Open-Source Community Eager for Cloudscape Code
Noel Bergman, chief technology officer at DevTech Inc. and an Apache Software Foundation member who serves as a committer on the James [Java Apache Mail Enterprise Server] Project and as vice president of the Apache Incubator, said developers are eager to use the code.
"Weve had some people already asking if we can incorporate it into Apache James, as an example" of the excitement around the news, Bergman said in an instant messaging exchange.
Apache James is a 100 percent pure Java SMTP and POP3 mail server and NNTP news server. As such, it illustrates why the open-source community is so glad to get its hands on "Derby," the code name of the Cloudscape copy IBM is granting to the Apache Software Foundation.
As it is, James uses an externalized model of a database, Bergman explained. "All of the SQL commands are maintained in an external XML file that describes how Oracle, DB2, MySQL, [PostgreSQL], etc., are used," he wrote.
Without an embeddable SQL database, applications such as James have had to use ad hoc data stores or expect an external database to be installed separately before the application could be used.
"With Derby, applications can ship with a database preconfigured, and then people who wish to use an external [database], such as MySQL, DB2, Oracle or PostgreSQL can migrate from Derby to the external [database]," he said. "But it permits applications to count on the functionality of a real database from the get-go."
Bergman pointed to applications such as IBMs WebSphere Portal, wherein the database is central to the operation of the portal. "You simply must have one," he said. "Prior to using Cloudscape, you had to install and configure a database server and configure the portal for that server. Just to get started. With Cloudscape, it comes preconfigured, and they can provide export scripts."
Another open-source expert, Dennis Murray, president of Marist College, in Poughkeepsie, N.Y., said IBMs move represents a "further enhancement to the open-source movement" that particularly will interest developers who just dont need the large footprint of DB2. "IBMs major offering of DB2, which is very, very robust and very substantial and has a very large footprint, is more than many developers need," he said.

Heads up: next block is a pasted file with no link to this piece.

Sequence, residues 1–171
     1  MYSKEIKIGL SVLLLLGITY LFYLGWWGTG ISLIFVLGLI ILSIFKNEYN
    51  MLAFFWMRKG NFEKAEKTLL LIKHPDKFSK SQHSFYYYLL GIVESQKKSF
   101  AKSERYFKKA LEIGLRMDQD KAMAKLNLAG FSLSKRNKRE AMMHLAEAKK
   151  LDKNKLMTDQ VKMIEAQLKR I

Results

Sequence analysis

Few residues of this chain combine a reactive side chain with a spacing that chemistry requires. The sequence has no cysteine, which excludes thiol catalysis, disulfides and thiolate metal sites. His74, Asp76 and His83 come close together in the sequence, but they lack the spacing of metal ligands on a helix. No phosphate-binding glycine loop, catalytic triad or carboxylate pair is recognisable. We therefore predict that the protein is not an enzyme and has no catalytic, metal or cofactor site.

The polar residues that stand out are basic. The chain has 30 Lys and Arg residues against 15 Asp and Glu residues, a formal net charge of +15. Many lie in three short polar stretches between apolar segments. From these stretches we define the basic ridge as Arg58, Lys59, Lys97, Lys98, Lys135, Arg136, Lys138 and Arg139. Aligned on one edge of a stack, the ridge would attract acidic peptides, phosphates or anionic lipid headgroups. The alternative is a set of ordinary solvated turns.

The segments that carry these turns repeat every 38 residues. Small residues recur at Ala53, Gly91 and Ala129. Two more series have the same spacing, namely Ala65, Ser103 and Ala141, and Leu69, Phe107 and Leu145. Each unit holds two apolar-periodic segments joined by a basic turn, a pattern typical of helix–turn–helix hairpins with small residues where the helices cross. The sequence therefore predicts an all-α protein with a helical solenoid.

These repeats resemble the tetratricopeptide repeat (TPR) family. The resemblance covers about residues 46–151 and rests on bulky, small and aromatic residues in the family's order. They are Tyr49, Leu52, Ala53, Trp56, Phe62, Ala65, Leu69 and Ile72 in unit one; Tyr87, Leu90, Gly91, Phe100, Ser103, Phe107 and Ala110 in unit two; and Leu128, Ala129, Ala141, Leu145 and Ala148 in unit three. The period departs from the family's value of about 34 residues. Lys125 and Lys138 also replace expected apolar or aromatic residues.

Another positive aspect of the open-sourcing of Cloudscape is that it will enable organizations to ramp up slowly, Murray said. "A program like this, that developers can build into their [own] programs, is a very positive step," he said.
"I personally think one of the advantages of the program is if an organization is growing and developing and outgrows Derby, there will be the ability to migrate to other databases, including being upwardly compatible with DB2. Thats a very positive aspect of this for organizationschoosing software that anticipates growth for their organizations."
Murray said he also likes the fact that IBM handed the code over to Apache as opposed to keeping it closer to home a la Computer Associates International Inc.s recent handling of the open-sourcing of its Ingres r3 database.
"The way [IBM is] going about this, turning this package over to Apache Software [Foundation], is a clear demonstration theyre fully committed to the entire philosophy [of open source] and there will be an independent organization overseeing future development and enhancement of this particular program," Murray said. "Thats probably the major significance of this."